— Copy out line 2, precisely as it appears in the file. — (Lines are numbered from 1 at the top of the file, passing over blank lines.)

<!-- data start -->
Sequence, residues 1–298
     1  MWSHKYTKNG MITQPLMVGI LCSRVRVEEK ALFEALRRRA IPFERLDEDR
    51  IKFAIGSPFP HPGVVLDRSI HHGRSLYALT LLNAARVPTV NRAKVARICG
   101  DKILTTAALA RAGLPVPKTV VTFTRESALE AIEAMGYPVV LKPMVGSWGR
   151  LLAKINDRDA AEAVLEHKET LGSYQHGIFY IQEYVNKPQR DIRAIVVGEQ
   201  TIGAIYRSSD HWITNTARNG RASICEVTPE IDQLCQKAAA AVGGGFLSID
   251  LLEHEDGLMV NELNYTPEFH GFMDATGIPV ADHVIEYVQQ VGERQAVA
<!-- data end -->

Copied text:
     1  MWSHKYTKNG MITQPLMVGI LCSRVRVEEK ALFEALRRRA IPFERLDEDR